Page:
New gang task force forming

Diana Sholley, San Gabriel Valley Tribune Staff Writer
Posted: 02/21/2009 05:18:56 PM PST

Until now, battling gangs and drugs on the west end of San Bernardino County has been coordinated from San Bernardino. Starting Monday, that’s changing.

The Ontario Police Department is hosting the inaugural meeting of the West End Gang & Drug Task Force.

“We want everyone to attend. We very much want it to be community response,” said Diana Fox, executive director of Reach Out West End in Upland.

For the past 20 years, the task force has met monthly in the San Bernardino County Sheriff’s Department’s office. However, to gain more community support, task force members agreed chapters needed to be established by region.

Last year, the High Desert chapter came about, and now it’s the West End’s turn.

Fox hopes to attract local businesses, nonprofits, churches, schools, organizations, concerned citizens and any other interested entities to join and work together to rid the region of gangs and drugs.

West End task force meetings will be held quarterly. Subcommittees will be formed, given specific projects to work on and encouraged to meet monthly.

Projects will be chosen by task force members using “Best Practices to Address Community Gang Problems,” a publication from the Office of Juvenile Justice and Delinquency Prevention.

“They have spent years looking at what works and what doesn’t work,” Fox said. “We will use community involvement and commitment to effectively attack gangs and drugs.”

A staunch supporter of the task force going regional is Kimberly Epps, San Bernardino County probation officer.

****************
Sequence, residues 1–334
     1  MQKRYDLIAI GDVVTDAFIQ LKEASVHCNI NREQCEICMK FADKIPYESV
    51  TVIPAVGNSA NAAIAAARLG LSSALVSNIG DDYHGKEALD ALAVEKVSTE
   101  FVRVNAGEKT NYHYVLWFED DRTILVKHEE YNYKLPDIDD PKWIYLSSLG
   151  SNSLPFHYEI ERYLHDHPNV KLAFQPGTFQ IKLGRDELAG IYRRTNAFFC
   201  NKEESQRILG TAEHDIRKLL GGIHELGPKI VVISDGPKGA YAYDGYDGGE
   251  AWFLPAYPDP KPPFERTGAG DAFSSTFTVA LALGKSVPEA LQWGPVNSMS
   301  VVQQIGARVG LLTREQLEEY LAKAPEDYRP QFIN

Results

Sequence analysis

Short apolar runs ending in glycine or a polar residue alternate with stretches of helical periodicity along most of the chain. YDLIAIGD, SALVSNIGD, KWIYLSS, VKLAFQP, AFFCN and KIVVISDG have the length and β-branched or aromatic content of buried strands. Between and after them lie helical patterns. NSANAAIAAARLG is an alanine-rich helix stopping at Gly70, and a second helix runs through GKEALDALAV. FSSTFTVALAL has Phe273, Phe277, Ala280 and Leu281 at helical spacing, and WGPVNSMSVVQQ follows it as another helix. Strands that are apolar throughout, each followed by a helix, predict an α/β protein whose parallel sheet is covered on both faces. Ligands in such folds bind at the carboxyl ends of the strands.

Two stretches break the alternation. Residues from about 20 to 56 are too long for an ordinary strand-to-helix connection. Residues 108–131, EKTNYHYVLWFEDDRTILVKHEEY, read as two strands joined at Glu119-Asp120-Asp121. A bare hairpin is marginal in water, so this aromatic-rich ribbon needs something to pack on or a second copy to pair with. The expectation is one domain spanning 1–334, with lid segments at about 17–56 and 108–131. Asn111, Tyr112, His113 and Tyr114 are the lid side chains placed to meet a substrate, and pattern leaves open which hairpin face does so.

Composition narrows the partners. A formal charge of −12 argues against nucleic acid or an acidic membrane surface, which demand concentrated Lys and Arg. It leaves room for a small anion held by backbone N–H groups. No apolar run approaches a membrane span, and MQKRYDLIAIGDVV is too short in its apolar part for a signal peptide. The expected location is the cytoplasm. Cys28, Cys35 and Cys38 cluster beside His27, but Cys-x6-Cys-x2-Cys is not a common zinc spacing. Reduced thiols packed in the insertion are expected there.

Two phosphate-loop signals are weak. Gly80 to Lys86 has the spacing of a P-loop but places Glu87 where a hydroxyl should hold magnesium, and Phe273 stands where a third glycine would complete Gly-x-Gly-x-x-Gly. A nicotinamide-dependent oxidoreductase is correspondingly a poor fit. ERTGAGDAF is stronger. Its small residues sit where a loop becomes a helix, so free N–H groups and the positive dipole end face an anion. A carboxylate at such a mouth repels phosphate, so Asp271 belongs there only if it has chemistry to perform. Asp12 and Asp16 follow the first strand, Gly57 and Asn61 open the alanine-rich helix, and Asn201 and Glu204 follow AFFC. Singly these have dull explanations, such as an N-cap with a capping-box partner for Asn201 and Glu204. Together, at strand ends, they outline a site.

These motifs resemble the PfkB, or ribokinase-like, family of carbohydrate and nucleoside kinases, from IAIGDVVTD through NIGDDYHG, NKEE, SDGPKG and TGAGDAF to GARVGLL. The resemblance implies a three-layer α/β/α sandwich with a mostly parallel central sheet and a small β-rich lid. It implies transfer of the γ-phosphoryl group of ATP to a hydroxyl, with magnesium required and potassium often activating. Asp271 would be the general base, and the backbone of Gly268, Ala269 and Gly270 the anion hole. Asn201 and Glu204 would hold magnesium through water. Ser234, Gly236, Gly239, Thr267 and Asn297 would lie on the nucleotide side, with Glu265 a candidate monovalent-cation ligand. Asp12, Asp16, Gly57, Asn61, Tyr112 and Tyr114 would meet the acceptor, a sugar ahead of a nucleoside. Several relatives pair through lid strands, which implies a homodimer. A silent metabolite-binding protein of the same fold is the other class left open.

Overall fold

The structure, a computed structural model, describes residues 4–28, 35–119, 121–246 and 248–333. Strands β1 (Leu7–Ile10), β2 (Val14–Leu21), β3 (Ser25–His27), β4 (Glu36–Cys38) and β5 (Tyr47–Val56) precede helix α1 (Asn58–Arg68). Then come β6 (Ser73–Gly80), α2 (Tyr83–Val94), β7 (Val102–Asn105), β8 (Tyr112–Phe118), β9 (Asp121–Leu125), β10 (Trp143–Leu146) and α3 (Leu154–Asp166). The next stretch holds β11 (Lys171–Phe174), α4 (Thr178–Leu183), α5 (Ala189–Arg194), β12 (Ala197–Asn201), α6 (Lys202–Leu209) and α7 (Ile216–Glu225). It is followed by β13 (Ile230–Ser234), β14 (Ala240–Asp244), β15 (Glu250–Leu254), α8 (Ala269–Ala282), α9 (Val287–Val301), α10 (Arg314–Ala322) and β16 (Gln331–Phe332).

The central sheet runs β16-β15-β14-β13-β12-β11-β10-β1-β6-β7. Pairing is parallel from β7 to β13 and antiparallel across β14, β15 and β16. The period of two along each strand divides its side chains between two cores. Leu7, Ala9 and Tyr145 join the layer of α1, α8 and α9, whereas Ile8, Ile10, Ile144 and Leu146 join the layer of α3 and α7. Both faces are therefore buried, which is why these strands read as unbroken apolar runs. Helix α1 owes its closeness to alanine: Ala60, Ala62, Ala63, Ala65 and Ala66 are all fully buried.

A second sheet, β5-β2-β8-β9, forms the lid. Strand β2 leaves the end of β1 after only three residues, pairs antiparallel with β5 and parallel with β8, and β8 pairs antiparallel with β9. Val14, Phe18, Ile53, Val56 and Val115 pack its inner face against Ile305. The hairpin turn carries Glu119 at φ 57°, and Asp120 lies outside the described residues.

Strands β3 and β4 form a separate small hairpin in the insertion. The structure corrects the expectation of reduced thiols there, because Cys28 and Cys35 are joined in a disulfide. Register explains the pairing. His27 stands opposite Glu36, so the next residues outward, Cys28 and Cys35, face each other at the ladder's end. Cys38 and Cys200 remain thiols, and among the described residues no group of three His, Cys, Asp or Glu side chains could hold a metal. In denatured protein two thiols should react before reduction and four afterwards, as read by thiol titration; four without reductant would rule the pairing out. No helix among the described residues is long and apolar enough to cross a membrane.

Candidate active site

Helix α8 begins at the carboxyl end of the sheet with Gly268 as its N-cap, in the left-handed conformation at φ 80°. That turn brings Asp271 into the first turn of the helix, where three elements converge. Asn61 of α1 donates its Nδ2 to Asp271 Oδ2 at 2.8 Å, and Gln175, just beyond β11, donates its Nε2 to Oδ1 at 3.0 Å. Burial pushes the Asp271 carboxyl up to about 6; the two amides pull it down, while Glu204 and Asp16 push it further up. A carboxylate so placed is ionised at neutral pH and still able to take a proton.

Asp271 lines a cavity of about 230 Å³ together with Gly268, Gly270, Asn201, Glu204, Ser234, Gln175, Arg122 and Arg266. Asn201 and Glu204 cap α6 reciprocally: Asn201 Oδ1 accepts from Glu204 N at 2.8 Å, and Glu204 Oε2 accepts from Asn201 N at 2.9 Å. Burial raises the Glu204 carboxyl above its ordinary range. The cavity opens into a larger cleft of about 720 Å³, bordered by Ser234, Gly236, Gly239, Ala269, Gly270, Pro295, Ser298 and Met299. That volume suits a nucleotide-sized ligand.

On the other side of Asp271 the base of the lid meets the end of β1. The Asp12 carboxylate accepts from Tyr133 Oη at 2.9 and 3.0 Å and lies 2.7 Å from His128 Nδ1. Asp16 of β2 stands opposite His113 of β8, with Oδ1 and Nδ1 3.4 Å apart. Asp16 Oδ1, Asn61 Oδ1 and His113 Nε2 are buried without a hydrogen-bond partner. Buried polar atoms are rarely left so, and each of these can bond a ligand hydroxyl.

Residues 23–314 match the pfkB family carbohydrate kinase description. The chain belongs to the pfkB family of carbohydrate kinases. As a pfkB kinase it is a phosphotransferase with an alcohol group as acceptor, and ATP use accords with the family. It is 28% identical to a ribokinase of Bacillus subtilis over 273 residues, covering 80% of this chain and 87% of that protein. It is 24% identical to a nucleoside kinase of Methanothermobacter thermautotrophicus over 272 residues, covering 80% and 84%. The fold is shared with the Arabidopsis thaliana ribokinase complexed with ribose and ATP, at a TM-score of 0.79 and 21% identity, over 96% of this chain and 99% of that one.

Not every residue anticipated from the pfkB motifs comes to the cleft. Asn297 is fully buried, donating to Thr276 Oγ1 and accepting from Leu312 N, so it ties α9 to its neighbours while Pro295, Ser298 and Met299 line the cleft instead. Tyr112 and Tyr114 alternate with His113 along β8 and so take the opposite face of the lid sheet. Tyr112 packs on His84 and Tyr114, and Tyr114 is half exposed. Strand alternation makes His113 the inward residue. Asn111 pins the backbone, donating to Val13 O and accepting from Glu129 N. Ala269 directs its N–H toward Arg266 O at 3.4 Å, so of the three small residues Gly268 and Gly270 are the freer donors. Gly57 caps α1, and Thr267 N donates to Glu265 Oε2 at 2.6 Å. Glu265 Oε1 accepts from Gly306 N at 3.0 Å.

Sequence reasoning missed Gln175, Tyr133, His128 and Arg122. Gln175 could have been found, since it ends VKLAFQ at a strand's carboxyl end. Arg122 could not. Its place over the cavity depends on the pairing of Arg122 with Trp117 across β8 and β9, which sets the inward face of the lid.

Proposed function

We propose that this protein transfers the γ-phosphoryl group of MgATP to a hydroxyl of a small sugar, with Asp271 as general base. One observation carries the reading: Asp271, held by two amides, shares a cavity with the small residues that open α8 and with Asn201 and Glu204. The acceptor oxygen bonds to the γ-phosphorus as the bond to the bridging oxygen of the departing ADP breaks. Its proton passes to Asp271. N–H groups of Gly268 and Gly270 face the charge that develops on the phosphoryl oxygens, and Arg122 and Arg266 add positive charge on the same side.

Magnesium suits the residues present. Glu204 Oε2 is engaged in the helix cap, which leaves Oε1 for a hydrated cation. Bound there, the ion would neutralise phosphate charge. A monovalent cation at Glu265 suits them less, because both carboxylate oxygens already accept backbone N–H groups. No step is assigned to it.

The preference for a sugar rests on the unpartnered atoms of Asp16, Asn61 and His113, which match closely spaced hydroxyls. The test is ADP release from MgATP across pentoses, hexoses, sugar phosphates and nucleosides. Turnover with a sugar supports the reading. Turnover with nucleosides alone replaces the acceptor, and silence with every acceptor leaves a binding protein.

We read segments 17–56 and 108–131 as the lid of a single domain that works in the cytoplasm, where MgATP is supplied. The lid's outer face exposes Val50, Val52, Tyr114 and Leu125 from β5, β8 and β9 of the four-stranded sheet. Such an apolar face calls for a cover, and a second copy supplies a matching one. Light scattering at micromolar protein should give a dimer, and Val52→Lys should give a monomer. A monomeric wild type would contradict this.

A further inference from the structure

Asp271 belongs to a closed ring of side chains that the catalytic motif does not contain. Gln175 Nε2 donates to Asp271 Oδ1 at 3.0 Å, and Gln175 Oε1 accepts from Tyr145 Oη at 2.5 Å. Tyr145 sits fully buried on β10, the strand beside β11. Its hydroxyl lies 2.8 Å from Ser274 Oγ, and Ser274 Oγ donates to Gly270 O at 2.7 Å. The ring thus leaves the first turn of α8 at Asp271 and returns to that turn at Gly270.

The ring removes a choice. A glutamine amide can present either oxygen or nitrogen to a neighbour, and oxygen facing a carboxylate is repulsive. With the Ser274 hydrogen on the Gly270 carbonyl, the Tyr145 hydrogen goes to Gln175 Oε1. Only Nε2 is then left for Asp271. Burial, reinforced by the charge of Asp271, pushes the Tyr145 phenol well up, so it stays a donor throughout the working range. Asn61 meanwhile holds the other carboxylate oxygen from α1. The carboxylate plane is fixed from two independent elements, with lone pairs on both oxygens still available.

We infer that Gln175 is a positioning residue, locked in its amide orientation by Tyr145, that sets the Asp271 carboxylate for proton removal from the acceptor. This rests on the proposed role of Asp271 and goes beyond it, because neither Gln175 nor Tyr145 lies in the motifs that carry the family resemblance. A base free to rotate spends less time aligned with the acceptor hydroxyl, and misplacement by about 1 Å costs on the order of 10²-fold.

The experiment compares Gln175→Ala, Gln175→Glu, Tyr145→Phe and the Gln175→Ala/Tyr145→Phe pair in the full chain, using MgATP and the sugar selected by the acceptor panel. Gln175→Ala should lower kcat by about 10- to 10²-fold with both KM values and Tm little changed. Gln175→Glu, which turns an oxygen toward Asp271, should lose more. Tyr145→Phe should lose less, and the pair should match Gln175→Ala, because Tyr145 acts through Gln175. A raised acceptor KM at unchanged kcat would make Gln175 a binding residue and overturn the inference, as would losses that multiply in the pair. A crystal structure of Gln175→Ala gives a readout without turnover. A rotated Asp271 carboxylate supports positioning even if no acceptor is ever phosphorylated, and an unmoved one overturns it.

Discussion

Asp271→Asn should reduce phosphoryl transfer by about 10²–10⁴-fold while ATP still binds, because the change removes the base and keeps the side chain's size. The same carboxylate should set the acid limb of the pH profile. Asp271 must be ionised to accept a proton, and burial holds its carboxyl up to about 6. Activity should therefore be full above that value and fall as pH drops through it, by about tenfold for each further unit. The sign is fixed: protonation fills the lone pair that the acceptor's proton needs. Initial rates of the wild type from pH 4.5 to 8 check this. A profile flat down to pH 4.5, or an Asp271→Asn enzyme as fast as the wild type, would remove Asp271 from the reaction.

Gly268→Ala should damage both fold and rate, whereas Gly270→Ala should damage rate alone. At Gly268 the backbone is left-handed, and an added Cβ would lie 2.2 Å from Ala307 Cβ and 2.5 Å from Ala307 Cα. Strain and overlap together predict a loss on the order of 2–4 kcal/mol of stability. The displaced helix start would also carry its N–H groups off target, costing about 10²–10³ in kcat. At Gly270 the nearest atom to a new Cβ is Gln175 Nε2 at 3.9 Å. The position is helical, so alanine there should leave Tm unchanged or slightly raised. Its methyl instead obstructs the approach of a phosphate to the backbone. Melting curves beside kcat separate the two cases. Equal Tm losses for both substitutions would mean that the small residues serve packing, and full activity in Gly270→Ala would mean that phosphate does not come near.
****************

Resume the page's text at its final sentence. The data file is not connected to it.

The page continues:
“Local partners working together can easily combine ideas and resources,” she said. “We’ve seen it work at the county level.”

Epps explained that in 2005 San Bernardino County received $4 million to implement the G.R.E.A.T program countywide. G.R.E.A.T., the acronym for Gang Resistance Education and Training program, was implemented through the Sheriff’s Department, probation, public defender and the district attorney.

According to its Web site, the G.R.E.A.T. program is a school-based, law enforcement officer-instructed classroom curriculum, with prevention as its primary objective. The G.R.E.A.T. program consists of four components: a 13-session middle school curriculum, an elementary school curriculum, a summer program and training for families.

The G.R.E.A.T. program is in such West End school districts as Fontana, Ontario-Montclair and Chino Valley, Epps said. Establishing a West End task force will help identify other schools that would benefit from the program and allow increased early intervention.

Since 2006, Epps said, 6,930 San Bernardino County students have completed the G.R.E.A.T. program, 460 children have completed the summer program, and 290 families have completed the family program.

“We’ve gotten positive feedback from those who have completed the programs,” said Epps, who has conducted a sample survey. “Eighty percent of those surveyed said they had changed their perception of gangs, and they now know how to seek out help and resources. They also have a more positive view of police.”

Law enforcement reinforces these views by attending such extracurricular activities as career days, open houses and school carnivals.

“We become a part of the school community,” Epps said. “We get to know the kids, and they get to know us.”

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